Discover Uzbekistan: Traveling the Silk Road by Train

Discover Uzbekistan: Traveling the Silk Road by Train

2022, Society  -   4 Comments
Ratings: 7.27/10 from 15 users.

Uzbekistan is a Central Asian nation with a vibrant past. In more recent history, it was part of the former Soviet republic. But centuries ago, it was once a significant part of the infamous Silk Road, the ancient trade route that linked China to the Mediterranean and the rest of Europe.

Bordered by Kazakhstan to the north and Afghanistan to the south, Uzbekistan is landlocked and is famous for its historic mosques and mausoleums, including the Registan, considered a landmark of Islamic architecture built in the 15th century. It is located in the legendary city of Samarkand, one of Central Asia's oldest continuously inhabited cities. You can also find the tomb of Timur or Tamerlane, one of the most fierce rulers of the 14th century.

Camels used to be the primary mode of transportation in Uzbekistan. But in the 1860s, after the Russian empire annexed it, a massive railroad network was installed, which is still in use today. It's evident that The Silk Road Express is still the most popular and efficient method of traveling through the country, from its lush, green eastern region to its arid and sandy western deserts.

The train is often packed and can get very hot, but the Uzbekis are used to it and roll with the heat, enjoying a hot and freshly cooked meal and endless cups of hot tea. Stops include the capital city of Tashkent, where there is a delightful mishmash of modern and Soviet-era architecture and design, and Bukhara, where there once was an extensive Jewish community.

To add to Uzbekistan's intriguing landscape is the Gissar Mountain range, considered the western foothills of the Himalayas. It is home to rugged yet stunning views and some of the world's deepest caves, including the so-called Timur Cave, where Timur or Tamerlane supposedly hid an entire army before conquering all of Central Asia.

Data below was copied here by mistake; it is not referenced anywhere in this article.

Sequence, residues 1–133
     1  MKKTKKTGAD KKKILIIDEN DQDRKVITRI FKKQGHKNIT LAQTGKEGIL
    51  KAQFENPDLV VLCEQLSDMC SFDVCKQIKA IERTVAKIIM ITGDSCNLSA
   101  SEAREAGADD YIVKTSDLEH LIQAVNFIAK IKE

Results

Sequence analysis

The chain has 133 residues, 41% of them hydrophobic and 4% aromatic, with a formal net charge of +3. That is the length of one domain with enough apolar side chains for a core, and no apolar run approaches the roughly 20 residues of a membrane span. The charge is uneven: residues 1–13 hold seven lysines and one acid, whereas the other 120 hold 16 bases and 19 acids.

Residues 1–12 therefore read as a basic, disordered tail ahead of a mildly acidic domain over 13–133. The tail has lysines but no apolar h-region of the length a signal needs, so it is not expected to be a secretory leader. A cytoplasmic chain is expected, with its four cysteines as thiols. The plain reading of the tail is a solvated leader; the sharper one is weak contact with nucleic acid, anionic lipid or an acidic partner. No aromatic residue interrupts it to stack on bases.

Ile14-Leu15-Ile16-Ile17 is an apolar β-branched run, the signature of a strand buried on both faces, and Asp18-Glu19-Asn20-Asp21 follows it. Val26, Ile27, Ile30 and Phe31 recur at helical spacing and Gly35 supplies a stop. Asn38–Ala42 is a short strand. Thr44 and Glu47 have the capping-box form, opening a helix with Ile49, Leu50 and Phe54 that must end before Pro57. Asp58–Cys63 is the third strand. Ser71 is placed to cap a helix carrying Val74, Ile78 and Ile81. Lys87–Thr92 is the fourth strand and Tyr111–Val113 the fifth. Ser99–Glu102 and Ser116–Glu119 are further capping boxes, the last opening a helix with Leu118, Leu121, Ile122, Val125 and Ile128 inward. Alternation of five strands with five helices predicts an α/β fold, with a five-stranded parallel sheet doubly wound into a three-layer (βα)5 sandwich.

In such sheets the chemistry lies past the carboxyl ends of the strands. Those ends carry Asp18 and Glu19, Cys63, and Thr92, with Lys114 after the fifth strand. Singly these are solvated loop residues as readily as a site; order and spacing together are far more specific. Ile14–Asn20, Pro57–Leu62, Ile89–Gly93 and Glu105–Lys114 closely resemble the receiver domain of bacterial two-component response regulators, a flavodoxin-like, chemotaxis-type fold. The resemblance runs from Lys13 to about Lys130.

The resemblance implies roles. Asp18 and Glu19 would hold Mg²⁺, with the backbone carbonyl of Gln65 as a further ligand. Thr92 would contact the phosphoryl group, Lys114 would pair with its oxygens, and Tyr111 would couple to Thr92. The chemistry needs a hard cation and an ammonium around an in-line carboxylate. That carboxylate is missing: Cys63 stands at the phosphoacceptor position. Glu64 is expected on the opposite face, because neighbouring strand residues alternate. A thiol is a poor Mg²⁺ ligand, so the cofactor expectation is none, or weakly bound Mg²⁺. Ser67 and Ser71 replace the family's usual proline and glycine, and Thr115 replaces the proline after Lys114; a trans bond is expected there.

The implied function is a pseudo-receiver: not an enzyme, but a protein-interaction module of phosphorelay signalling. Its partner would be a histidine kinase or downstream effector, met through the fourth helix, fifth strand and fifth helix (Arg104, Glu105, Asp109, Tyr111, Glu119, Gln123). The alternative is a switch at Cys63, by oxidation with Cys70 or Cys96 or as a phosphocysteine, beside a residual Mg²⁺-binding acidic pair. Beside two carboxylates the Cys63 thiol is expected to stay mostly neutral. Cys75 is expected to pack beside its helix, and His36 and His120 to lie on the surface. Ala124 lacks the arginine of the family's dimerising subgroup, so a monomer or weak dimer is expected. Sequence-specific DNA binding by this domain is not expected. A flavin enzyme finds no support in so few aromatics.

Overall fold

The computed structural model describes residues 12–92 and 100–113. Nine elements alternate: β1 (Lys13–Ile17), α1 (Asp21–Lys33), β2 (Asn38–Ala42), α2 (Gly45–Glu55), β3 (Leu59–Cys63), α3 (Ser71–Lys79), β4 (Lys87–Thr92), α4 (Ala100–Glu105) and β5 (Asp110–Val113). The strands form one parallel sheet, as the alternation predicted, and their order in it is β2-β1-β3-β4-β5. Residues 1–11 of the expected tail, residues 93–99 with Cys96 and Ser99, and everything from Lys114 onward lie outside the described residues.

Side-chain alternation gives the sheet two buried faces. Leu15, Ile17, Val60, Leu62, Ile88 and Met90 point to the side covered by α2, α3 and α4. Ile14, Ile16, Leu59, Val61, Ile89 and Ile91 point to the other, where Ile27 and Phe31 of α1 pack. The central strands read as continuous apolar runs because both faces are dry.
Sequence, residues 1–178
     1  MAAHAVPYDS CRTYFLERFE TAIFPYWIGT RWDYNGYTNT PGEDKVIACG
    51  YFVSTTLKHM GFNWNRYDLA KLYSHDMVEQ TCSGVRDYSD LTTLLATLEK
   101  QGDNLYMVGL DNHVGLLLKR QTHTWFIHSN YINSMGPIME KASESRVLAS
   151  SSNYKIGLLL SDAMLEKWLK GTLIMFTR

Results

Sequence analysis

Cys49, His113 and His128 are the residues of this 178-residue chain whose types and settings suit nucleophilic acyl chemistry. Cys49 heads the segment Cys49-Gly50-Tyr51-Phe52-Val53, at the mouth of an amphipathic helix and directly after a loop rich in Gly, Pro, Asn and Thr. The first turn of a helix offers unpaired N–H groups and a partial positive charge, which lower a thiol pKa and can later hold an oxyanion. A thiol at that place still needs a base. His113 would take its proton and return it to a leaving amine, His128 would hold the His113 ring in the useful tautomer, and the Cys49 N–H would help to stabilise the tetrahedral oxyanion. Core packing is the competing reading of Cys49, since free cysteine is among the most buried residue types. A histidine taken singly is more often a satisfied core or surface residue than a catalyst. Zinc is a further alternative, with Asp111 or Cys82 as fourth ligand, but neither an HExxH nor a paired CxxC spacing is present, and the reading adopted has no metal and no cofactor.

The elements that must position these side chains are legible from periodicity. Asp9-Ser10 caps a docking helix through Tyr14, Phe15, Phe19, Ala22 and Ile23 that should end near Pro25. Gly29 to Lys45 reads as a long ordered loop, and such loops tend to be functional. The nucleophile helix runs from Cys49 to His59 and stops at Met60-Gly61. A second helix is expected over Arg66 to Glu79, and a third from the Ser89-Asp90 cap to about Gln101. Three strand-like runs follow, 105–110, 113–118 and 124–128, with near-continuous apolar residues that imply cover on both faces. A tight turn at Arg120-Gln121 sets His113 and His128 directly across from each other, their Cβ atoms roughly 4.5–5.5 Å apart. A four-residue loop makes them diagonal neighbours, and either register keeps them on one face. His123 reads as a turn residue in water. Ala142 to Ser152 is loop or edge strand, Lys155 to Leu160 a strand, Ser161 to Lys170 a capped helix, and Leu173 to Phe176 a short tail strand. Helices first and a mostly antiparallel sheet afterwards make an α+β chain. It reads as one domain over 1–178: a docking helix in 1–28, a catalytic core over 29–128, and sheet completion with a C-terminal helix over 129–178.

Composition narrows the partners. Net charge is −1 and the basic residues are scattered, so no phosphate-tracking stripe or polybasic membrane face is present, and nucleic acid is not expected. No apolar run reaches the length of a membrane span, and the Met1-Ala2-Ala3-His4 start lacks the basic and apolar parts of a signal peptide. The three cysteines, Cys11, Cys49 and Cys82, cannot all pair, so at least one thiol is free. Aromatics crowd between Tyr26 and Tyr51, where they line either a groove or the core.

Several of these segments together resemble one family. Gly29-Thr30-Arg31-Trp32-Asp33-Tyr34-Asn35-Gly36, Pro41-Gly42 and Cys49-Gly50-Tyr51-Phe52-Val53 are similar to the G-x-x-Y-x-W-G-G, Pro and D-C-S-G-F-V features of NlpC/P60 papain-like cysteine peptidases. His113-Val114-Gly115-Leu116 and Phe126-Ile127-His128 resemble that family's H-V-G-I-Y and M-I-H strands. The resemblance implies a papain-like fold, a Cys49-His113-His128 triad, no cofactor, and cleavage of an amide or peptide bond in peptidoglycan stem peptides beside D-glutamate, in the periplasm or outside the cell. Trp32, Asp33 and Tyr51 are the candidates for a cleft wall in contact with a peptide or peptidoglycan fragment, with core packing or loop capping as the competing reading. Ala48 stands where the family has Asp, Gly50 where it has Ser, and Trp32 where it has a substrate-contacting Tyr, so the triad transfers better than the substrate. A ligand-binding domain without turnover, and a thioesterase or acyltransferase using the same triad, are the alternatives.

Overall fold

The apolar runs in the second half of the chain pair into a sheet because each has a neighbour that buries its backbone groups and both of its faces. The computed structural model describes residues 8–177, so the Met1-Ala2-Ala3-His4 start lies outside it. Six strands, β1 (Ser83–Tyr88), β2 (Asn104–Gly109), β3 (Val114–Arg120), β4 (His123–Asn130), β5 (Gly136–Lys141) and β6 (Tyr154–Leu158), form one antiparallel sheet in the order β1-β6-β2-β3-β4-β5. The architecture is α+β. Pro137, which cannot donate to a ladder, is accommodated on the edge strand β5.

And finally, in the northern part of the country is the area known as the Aralkum Desert. It is a large area that consists of eroding sand, but what makes it more interesting is that it was once the site of the Aral Sea, the fourth-largest lake in the world. It has slowly dried up over the last 50 years due to the diversion of its source river, the Amu Darya, to irrigate cotton. Today, scientists have embarked on a massive effort to cultivate plants and other vegetation in the desert to prevent further erosion.

Thanks to good old train travel, it's possible to step back in time and experience the mystique of the Silk Road and celebrate its heritage, which the people of Uzbekistan still feel.

Directed by: Michael Höft

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john e violante
4 months ago

loved it, geography is the best

4 months ago

My wife and I made two trips to this region in the early 1980’s, travelling by plane with a group of tourists, the only way we could eventually meet up with aunts and cousins who had been extradited to the area back in the Stalinist area. The difference in the architecture, the people, the vehicles, the availability of eating places over the last 40 years is astounding. My family, who were better off than a lot of Uzbeks, lived in small cottages with dirt floors, chickens and goats in the back yard and driving side-car motorcycles and cars with over 400,000 kilometers, because that was all they could afford. Everybody worked for the state. Fortunately, all of the family I had there came over to Germany just 10 years later.

Andrew Blackadder
4 months ago

Great filming but awful narration as that voice caused me to stop halfway through.

Don Jones
4 months ago

Why '...infamous Silk Road'?